Applicable to practically any academic field or professional focus, learning how to write well can be one of the most valuable takeaways from a K-12 education. But becoming a good writer requires lots of practice and in-depth feedback, which can be hard for time-strapped teachers to provide.
The Graide Network wants to help teachers provide that additional follow-up for their students.
“We recruit and train pre-service teachers — folks who are studying and preparing to become educators — and we teach them how to be experts at providing feedback on student writing,” said co-founder and CEO Blair Pircon. “That involves grading, scoring essays and commenting on them so that students know what they need to do to improve their writing.”
Teachers who use the platform are paired up with virtual teaching assistants, or “graiders,” who assess student work based on learning objectives, grading rubrics and the instructional materials the teacher provided to students. The TAs also provide two to three comments about areas of strength, and two to three actionable comments about how the assignment could have been improved.
Pircon said the advantages of her company’s platform are manifold. The current grading model, in which teachers often assess student work on evenings and weekends, makes it difficult to assign enough writing for students to really hone their craft. By taking some of the assessment off the teacher’s plate, The Graide Network can allow them to give more writing assignments.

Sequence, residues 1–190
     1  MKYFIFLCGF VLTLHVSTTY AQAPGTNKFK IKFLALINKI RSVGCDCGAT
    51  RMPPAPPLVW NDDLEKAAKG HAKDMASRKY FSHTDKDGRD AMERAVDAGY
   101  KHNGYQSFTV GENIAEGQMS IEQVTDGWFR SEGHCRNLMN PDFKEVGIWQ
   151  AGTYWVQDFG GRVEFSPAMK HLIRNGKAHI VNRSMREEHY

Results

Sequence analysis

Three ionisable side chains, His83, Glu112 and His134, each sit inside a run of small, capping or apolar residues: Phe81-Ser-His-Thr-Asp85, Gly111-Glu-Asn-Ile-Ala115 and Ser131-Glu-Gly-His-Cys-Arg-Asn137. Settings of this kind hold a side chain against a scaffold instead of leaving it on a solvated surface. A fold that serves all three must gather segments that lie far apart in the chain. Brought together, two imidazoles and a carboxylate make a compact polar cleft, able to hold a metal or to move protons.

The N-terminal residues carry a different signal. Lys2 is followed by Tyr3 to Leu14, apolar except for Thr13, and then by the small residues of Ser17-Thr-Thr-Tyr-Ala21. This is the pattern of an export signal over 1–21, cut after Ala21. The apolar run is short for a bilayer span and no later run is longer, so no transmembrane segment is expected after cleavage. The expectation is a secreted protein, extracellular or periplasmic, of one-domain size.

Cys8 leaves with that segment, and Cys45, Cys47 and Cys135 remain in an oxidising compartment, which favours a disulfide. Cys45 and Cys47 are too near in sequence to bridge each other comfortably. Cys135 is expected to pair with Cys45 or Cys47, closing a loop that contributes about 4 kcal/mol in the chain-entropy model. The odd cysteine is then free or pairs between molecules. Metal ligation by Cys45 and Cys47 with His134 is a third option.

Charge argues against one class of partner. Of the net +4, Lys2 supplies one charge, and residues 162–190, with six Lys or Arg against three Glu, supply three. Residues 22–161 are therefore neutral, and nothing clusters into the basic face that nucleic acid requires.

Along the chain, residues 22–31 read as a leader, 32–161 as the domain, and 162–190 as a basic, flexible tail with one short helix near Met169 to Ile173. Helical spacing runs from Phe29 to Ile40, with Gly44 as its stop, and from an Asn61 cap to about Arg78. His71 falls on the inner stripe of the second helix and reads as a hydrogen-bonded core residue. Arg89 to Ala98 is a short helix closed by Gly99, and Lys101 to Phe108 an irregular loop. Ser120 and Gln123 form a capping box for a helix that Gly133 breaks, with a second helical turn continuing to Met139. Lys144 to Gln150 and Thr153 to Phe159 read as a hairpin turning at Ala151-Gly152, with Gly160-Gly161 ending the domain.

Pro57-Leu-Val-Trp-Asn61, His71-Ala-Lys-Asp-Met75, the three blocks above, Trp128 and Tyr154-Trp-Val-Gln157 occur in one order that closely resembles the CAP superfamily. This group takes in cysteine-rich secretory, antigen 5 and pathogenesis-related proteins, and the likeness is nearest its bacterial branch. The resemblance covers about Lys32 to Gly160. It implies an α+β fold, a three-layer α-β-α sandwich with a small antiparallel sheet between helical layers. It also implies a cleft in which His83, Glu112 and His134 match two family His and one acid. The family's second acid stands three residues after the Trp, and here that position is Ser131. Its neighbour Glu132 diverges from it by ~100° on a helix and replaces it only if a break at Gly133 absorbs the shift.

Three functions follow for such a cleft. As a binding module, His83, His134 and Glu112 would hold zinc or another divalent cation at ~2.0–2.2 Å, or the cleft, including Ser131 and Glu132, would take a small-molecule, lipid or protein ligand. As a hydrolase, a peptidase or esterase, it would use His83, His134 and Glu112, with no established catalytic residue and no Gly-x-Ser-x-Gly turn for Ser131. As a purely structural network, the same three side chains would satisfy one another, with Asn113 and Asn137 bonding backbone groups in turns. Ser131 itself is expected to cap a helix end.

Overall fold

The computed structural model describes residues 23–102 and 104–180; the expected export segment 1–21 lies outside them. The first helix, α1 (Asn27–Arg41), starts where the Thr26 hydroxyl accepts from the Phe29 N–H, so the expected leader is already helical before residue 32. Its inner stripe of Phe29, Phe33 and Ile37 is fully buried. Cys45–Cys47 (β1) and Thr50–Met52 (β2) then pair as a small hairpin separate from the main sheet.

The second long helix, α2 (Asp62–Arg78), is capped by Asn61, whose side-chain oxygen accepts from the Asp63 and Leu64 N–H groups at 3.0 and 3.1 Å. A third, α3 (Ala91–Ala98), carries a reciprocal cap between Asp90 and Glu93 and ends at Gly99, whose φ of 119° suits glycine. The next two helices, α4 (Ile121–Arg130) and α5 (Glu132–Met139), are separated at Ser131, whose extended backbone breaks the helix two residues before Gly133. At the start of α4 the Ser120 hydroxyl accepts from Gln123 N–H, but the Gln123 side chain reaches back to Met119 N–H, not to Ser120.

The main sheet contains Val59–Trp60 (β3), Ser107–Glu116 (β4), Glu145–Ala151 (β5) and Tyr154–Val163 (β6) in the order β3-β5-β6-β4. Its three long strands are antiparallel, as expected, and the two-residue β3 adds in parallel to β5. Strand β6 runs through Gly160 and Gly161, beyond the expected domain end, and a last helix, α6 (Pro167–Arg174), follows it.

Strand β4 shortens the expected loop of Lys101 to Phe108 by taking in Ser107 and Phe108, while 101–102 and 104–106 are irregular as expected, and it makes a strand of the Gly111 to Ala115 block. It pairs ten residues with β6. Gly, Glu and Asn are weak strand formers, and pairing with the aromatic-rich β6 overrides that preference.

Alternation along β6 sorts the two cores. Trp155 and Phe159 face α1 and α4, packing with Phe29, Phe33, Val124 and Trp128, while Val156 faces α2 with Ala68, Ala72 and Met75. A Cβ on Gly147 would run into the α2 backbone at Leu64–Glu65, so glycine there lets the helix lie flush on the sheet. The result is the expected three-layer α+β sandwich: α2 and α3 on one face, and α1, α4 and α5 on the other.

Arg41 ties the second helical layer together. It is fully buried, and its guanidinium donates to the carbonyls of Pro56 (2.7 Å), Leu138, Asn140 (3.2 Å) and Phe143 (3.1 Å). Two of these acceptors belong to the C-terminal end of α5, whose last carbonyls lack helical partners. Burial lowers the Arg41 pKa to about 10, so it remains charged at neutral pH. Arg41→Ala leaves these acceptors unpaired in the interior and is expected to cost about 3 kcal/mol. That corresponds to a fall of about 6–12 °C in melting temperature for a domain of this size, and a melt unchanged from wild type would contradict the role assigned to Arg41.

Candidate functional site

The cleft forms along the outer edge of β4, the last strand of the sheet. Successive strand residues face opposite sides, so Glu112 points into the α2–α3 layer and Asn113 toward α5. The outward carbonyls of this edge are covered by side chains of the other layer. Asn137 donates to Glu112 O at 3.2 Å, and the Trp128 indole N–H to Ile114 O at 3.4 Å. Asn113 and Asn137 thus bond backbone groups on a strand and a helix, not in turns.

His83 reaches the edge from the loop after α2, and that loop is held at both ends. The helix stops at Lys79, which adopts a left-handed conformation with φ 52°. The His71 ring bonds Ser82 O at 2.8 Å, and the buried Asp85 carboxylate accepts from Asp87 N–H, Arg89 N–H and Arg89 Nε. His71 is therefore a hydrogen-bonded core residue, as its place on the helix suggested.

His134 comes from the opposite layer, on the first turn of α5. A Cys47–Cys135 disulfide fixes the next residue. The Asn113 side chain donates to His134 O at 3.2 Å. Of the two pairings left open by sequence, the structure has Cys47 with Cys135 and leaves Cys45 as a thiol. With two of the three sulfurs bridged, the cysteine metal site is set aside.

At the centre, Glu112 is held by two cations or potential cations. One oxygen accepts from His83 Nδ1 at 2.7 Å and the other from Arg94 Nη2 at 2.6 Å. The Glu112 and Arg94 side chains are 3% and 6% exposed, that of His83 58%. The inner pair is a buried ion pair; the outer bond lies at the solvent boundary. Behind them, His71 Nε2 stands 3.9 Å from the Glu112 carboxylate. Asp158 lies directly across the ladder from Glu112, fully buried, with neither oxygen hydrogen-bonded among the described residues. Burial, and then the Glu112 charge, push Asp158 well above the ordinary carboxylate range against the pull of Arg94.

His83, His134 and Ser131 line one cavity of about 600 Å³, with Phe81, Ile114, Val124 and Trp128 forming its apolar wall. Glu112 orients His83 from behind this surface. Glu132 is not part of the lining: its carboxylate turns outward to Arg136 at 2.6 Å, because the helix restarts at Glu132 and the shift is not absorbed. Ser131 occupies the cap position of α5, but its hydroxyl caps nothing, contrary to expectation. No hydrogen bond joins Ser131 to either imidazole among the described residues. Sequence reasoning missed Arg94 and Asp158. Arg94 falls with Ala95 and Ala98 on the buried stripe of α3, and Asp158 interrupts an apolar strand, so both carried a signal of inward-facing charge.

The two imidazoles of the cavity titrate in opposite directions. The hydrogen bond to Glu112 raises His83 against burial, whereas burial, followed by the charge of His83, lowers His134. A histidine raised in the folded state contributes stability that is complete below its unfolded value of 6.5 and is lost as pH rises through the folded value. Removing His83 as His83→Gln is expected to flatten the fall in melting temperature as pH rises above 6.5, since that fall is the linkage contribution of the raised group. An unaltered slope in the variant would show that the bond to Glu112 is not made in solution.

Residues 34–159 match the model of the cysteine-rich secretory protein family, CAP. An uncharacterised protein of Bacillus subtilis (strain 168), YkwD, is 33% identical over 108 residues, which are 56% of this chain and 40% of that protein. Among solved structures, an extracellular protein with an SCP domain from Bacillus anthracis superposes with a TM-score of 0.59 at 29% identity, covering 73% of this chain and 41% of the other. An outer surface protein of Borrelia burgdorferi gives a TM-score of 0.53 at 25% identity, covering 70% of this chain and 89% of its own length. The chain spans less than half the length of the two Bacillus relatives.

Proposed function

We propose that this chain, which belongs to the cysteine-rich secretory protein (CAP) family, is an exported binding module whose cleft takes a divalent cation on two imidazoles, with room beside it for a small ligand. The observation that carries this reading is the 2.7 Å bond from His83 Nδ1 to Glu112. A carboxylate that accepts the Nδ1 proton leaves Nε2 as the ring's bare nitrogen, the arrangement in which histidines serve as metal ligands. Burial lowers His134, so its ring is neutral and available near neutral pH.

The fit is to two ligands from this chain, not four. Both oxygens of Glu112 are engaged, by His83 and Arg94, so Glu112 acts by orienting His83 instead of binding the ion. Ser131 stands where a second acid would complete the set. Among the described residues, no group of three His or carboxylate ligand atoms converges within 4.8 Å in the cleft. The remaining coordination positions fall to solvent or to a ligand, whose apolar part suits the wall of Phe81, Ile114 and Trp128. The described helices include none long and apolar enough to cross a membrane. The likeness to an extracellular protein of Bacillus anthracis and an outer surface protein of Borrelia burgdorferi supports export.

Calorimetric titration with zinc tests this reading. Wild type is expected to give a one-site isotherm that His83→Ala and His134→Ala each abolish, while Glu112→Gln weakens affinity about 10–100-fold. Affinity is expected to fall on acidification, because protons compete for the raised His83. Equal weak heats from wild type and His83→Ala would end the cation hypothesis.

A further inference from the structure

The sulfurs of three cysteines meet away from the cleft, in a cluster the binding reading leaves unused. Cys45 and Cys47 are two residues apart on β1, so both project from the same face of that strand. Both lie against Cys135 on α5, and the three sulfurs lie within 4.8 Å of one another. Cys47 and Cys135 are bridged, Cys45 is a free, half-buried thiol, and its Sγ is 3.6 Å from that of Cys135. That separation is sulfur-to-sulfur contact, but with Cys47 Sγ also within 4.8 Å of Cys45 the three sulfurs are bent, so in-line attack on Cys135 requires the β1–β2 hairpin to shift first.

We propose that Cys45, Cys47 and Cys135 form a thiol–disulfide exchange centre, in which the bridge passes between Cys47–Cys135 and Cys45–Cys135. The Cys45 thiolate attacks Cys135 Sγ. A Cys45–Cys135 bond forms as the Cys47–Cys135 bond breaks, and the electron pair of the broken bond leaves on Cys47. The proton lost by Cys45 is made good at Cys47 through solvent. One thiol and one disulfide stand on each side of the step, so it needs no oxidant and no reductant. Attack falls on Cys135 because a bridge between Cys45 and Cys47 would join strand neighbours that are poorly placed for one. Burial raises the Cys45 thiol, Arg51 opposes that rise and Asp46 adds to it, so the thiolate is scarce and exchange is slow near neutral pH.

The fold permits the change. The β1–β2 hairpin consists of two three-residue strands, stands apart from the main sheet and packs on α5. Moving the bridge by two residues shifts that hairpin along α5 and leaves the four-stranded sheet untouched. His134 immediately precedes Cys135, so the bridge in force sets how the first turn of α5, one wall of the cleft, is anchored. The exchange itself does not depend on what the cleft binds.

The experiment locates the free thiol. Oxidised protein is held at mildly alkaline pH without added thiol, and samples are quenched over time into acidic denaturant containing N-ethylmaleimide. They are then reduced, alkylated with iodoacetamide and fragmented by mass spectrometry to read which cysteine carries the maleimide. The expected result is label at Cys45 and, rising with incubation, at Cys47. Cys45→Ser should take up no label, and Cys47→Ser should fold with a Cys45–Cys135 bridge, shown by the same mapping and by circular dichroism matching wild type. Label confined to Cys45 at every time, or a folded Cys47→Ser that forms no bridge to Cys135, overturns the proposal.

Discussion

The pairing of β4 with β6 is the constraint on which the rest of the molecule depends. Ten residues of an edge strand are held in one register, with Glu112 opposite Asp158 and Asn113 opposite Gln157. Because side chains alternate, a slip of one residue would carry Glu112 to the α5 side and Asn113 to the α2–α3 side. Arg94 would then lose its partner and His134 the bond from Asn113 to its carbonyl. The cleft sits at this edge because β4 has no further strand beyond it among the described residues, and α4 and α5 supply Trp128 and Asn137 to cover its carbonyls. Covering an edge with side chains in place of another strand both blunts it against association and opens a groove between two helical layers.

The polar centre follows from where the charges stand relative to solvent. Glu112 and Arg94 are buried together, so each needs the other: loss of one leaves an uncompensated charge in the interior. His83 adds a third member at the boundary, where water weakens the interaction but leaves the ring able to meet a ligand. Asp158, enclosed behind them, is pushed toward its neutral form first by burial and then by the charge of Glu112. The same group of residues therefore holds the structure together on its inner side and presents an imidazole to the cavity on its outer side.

The Graide Network also seeks to reduce turnaround times and provide more in-depth feedback than many teachers are currently able to give because of time constraints.
The company’s virtual assistants are selected for their skills at providing feedback and trained through an online program covering subjects like the characteristics of effective feedback, grading rubrics, grade calibration, pattern analysis and data-driven instruction.
“We are producing quite a bit of data, both in the form of quantitative scores and qualitative feedback,” said Pircon. “Using that, we can help teachers identify patterns and do ability grouping for students, and see really rich data at the component level of how students are performing.”
The biggest challenge in running The Graide Network, said Pircon, has been to ensure quality of feedback while at the same time accommodating the variety of teaching styles and assignment types they encounter.
“This is not standardized testing or standardized assessments at all,” she said. “It represents the full range of the creativity of classroom teachers… The lack of standardization can be an operational challenge, but it also provides an opportunity because that’s where you need a pair of human eyes.”
The Graide Network started as a research project in 2015, while Pircon was an MBA candidate at Northwestern University’s Kellogg School of Management. After completing a pilot program and bringing on co-founder Liz Nell, Pircon officially launched the company in September 2016. The feedback so far, said the founder, has been overwhelmingly positive.
“I think it’s a nice balance of something that’s familiar — the teacher’s assistant — combined with something innovative, which is that they can get it on demand,” she said. “We’ve been growing a ton, and we have great clients who value the services.”
The Graide Network has five full-time employees and “a couple hundred” part-time graders, said Pircon. Its investors include Pipeline Angels, friends and family and a number of individual angel investors.
“We definitely appreciate that we were able to find backers who align with who we are as a team, our mission and what we are trying to accomplish,” said Pircon. “The Chicago community has been wonderfully supportive, and we’ve been able to benefit from many programs like WiSTEM, the Kellogg School of Management and some really cool things that have happened with the thriving startup community here.”
Images via The Graide Network.